Prioritize conda to install packages
As a matter of practical advice, I usually prefer conda-installed packages over pip-installed packages. Here are the reasons why.
Firstly, Conda packages have their versions and dependencies tracked properly, and so the conda dependency solver (or its drop-in replacement mamba) can be used to pick out the right set of packages.
Secondly, on occasion one might need to use packages that come from multiple languages. There have been projects I worked on that used Python calling out to R packages. Conda was designed to handle mutliple programming languages in the same environment, and will help you pull down packages used in multiple languages, and all of their dependencies.
Thirdly, as the suite of packages that become available in conda-forge increases, and as the conda-forge developers increase the amount of tooling to automatically mirror language-specific packages on conda-forge, it becomes progressively easier to rely primarily on the conda package manager. This idea relates to the notion of specifying single sources of truth for categories of stuff.
To do so, you specify your environment using
environment.yml files. These are used by the
conda package manager to download the desired packages, their dependencies, and their appropriate versions onto your machine.
When you want to search for a package, before you assume it's available on PyPI, search for it on Anaconda.org. You can do this by either running:
conda search package_name
or by going to the Anaconda.org website and search for the package that you're interested in.
Also, be sure you check the GitHub repository under the "Installation" instructions for anything that suggests that you could install the package from
Once you've found it, add the package to your
environment.yml file under the
If you can't find a conda-installable version of the package, then consider using pip. (see: Use pip only when you cannot find packages on conda)
Configure your conda installation
Configuring some things with conda can help lubricate your interactions with the conda package manager. It will save you keystrokes at the terminal, primarily, thus saving you time. The place to do this configuration is in the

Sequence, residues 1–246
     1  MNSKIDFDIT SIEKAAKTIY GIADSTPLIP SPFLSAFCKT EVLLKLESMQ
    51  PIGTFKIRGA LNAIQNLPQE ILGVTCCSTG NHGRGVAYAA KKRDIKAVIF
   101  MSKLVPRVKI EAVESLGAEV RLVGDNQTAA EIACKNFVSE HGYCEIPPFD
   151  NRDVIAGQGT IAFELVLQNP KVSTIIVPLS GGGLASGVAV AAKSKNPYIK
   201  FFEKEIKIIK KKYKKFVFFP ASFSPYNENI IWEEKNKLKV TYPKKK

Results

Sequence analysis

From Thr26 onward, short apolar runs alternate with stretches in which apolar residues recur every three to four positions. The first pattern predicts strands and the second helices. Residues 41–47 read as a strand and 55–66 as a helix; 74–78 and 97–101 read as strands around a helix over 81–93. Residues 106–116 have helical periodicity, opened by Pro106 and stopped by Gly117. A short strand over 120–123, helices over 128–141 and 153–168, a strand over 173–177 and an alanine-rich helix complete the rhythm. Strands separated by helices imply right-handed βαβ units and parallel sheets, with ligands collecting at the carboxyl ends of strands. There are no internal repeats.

.condarc file, which the
conda package manager searches for by default in your user's home directory.
The condarc docs are your best bet for the full configuration, but I have some favourites that I'm more than happy to share below.
Firstly, you create a file in your home directory called
.condarc. Then edit it to have the following contents:
channels: - conda-forge - defaults auto_update_conda: True always_yes: True
auto_update_condasaves me from having to update conda all the time,
always_yeslets me always answer
yto the conda installation and update prompts.
conda-forgeas the default channel above the
defaultschannel allows me to type
conda install some_packagerather than
conda install -c conda-forge some_packageeach time I want to install a package, as conda will prioritize channels according to their order under the
If you prefer, you can set the channel priorities in a different order and/or expand the list. For example, bioinformatics users may want to add in the
bioconda channel, while R users may want to add in the
r channel. Users who prefer stability may want to prioritize
defaults ahead of
What this affects is how
conda will look for packages when you execute the
conda install command. However, it doesn't affect the channel priority in your per-project
environment.yml file (see: Create one conda environment per project).
Use pip only when you cannot find packages on conda
If you can't find a package on conda (see Prioritize conda to install packages), then
pip can serve as a viable alternative for adding packages to your environment.
name: some_env_name channels: - conda-forge dependencies: - python=3.8 - pandas - scipy - numpy - ... - pip: - some_pip_package==2.1
Some things to note here.
pip section uses the same syntax for setting versions as
requirements.txt. It uses
== rather than
conda uses. This is because its contents are dumped to a temporary text file that gets parsed by
Secondly, keep monitoring for when the package shows up on
conda-forge, as that will help you retain the advantages of installing packages by a single package manager.